Detroit developer buys lots for $3.1M
Detroit – — Developer Herb Strather was the sole and winning bidder of a bundle of 6,350 mostly dilapidated and vacant tax-foreclosed Detroit properties during an online auction that ended Tuesday afternoon.
Strather and his partners in the company Echo Solutions must come up with a deposit of 10 percent of the winning $3,183,500 bid within 24 hours and pay the total amount in 14 days.
Wayne County Treasurer Raymond Wojtowicz, in collaboration with Mayor Mike Duggan, bundled the properties in an online auction that began in mid-October. The hope was to discourage tax deadbeats. If no buyer came forward, the Detroit Land Bank was expected to take the homes, demolish the rundown ones and auction those that are salvageable to qualified bidders.
"It is my hope that this innovative packaging of properties will assist Detroit in their efforts to battle blight that has infested so many of our neighborhoods in Detroit and throughout Wayne County," Wojtowicz said in a statement released Tuesday.
Strather didn't return a call for comment Tuesday. He told The News on Monday that he wants to develop the properties by partnering with community groups and churches. He said more details would come after the auction.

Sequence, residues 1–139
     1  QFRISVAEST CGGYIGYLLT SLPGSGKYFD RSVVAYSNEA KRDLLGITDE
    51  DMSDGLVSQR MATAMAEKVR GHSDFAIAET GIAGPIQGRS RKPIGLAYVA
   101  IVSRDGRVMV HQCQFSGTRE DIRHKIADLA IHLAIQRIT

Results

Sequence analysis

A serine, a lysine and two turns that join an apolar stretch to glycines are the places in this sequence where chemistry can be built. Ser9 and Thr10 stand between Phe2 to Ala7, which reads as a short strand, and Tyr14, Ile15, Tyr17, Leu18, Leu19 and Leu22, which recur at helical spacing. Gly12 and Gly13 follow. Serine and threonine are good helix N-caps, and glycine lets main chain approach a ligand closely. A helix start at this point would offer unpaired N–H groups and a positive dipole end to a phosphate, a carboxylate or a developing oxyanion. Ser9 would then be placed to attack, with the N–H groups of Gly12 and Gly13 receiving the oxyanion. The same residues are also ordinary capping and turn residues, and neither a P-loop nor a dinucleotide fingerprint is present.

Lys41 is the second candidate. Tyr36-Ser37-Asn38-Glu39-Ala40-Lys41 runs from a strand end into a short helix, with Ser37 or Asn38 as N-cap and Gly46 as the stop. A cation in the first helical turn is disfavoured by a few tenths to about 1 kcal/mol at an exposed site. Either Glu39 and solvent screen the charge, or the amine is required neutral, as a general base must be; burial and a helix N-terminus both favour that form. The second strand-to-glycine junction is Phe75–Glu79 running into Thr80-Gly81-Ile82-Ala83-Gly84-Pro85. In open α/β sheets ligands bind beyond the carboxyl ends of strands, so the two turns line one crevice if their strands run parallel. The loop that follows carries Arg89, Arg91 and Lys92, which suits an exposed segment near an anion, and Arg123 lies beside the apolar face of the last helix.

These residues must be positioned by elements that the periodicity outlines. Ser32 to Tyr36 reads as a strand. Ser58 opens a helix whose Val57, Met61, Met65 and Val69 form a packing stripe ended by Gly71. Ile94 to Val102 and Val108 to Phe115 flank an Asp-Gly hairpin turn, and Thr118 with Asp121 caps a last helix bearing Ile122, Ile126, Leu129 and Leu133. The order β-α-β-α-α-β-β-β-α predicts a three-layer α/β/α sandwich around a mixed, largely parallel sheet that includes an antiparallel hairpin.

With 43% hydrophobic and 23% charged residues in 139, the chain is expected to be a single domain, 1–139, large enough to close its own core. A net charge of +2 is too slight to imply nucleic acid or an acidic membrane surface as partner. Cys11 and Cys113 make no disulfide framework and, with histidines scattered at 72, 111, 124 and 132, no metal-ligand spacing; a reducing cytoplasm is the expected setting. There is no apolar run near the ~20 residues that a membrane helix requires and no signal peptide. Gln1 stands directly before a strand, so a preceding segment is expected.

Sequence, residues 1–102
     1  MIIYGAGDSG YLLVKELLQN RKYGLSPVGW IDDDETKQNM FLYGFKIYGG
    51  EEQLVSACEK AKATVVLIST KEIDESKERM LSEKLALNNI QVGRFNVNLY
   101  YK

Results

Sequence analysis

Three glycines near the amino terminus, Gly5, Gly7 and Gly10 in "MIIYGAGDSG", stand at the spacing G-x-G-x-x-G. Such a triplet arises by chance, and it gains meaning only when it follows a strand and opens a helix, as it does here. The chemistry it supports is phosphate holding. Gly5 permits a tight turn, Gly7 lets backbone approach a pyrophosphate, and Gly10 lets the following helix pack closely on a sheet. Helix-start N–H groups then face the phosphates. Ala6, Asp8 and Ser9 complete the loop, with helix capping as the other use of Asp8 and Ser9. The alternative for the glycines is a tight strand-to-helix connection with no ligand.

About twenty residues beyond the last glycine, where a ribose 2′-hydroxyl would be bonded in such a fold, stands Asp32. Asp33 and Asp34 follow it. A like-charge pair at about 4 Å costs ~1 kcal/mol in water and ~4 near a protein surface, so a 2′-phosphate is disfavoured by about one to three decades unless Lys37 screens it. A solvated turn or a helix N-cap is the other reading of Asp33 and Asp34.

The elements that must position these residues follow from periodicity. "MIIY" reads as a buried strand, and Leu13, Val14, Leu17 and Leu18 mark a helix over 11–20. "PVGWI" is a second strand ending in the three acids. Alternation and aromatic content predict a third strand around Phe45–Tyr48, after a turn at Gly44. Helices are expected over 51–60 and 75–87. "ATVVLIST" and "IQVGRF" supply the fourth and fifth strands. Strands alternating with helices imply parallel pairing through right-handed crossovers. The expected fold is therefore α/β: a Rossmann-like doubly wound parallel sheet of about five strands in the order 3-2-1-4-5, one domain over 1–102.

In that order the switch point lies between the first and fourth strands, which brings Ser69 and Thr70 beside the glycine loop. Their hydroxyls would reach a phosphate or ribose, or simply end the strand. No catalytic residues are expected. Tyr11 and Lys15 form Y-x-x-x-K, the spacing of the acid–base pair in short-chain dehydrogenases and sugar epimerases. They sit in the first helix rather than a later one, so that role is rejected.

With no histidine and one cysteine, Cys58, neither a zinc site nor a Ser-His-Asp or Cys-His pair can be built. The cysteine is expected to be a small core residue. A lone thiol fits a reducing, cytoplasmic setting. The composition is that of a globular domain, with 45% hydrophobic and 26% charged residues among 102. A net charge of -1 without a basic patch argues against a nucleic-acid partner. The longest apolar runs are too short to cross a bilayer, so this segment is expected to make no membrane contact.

Some residents have expressed concern about private buyers acquiring abandoned lots they've maintained as small farms, gardens and parks. City officials have told community leaders they would be able to buy tax-foreclosed lots for $100 if no one bought them at the auction.
The properties are scattered throughout the city. About 2,000 are vacant lots, 3,000 need to be razed and 1,000 are considered salvageable homes. Terms of the auction require the winning bidder to demolish dangerous properties within six months or submit redevelopment plans — including proof of financing — or risk losing the land.
Strather is a one-time casino investor who runs his own real estate school called Strather Academy. He was involved in the Woodbridge Estates development that replaced the Jeffries Housing project in the early 2000s and was the major owner of the Hotel St. Regis when it went into receivership in 2009.